Let’s Talk About Love – Randomly and with Many References
22 September 2015
The Merriam-Webster Student Dictionary defines love:
1 : a quality or feeling of strong or constant affection for and dedication to another <motherly love>
2 a : attraction based on sexual desire : the strong affection and tenderness felt by lovers b : a beloved person: DARLING
3 a : warm attachment, enthusiasm, or devotion <love of the sea> b : the object of attachment or devotion
4 : a score of zero in tennis
– in love : feeling love for and devotion toward someone
But, that definition seems to trivialize the feeling of love. Love is overwhelming.
Katherine Hepburn defined love, in her book, Me, “Love has nothing to do with what you are expecting to get – only with what you are expecting to give which is everything.”
When I take that definition to heart, and, when speaking of love, where else can something go, but to the heart, I understand that I cannot love too much. I cannot love too quickly. I cannot love to easily.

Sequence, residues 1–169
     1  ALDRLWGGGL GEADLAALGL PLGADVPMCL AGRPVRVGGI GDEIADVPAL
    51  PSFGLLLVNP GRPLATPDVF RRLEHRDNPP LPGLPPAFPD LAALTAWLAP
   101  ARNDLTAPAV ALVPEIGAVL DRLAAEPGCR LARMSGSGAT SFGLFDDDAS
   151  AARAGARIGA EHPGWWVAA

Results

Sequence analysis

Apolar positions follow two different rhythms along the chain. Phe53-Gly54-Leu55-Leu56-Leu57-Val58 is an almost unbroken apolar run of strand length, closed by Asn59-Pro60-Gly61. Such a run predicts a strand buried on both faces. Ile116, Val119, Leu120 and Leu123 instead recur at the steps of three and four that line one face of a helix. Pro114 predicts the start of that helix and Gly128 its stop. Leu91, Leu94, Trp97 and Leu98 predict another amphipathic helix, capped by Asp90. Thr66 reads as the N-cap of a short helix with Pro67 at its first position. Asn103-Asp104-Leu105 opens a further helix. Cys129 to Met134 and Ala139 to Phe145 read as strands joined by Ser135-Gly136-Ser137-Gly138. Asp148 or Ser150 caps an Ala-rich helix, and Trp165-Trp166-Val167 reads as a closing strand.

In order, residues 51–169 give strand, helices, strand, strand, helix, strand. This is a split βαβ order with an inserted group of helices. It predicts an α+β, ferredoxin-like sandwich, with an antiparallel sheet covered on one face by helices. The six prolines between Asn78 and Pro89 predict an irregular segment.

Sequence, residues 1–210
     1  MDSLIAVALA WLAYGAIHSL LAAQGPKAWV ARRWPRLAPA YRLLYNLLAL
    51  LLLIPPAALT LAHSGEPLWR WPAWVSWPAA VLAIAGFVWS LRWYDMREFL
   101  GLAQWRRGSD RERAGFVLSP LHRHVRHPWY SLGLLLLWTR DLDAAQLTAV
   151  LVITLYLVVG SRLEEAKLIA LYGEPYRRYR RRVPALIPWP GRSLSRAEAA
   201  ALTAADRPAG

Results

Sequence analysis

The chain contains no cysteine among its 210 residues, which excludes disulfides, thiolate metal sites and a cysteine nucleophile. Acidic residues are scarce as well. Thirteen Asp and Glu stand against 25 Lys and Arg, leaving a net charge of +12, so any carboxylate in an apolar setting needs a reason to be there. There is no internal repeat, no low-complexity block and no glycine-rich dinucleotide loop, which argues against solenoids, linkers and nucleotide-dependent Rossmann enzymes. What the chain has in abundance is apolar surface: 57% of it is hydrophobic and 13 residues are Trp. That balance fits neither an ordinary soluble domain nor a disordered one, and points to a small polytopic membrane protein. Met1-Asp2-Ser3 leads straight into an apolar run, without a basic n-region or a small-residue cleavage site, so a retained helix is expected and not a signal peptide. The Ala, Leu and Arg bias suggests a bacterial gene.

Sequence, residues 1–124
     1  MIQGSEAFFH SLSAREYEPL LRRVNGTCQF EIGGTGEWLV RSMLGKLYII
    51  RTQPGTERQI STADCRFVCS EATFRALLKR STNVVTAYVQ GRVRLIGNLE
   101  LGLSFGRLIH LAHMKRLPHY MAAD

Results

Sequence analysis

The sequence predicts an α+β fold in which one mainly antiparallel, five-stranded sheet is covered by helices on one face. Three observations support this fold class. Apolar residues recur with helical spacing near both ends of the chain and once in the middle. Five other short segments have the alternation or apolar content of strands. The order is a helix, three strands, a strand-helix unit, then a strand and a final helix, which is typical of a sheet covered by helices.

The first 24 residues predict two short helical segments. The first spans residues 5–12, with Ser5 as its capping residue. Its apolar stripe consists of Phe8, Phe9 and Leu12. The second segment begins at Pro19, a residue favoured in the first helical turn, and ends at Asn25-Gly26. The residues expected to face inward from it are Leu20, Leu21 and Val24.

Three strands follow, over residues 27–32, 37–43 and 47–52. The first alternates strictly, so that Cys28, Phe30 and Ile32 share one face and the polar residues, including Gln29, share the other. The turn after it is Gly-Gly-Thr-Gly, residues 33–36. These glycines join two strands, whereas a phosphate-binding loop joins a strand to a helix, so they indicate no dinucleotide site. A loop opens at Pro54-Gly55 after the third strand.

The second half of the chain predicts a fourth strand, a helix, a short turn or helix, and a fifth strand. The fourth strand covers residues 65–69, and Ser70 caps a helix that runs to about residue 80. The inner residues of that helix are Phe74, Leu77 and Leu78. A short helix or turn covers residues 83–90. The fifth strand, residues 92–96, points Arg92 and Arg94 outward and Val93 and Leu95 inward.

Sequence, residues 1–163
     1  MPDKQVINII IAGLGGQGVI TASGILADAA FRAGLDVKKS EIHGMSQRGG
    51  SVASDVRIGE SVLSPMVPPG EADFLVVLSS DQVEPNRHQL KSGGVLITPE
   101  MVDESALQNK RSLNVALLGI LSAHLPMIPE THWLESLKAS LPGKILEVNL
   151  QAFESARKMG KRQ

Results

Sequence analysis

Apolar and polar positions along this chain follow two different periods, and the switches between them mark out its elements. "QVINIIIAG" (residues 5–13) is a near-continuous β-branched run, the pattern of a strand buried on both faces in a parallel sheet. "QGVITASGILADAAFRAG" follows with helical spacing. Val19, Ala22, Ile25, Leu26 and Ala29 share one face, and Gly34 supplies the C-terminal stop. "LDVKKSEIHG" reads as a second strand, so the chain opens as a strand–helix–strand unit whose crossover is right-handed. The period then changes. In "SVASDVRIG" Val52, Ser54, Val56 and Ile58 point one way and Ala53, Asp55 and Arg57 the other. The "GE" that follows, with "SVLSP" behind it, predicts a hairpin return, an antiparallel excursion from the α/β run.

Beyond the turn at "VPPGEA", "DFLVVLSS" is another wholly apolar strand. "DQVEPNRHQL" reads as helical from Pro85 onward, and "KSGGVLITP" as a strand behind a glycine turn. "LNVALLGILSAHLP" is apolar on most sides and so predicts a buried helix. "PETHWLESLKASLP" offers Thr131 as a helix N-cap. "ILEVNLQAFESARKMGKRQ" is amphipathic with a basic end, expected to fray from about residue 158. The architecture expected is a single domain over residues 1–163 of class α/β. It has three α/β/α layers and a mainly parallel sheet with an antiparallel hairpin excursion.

To love, I give everything.
In John 13:34, Jesus is quoted, “A new commandment I give to you, that you love one another, even as I have loved you, that you also love one another.”
Taken to heart, how can it be wrong to love one another?
Years ago, I was gifted the picture book, Auntie Claus. This inscription read, “Dear Mrs. Hooker, You are our Auntie Claus.”
Auntie Claus has a first and final rule, it is, “whether it’s birthdays, Christmas or Halloween, it is far better to give than to receive.
Therefore, like in A Chorus Line, “won’t forget, can’t regret what I did for love.”
To that end, I’ll take the advice of my friend, Ana, and “never change.” I will continue to pattern myself after Auntie Claus.
Grief can be the garden of compassion. If you keep your heart open through everything, your pain can become your greatest ally in your life’s search for love and wisdom.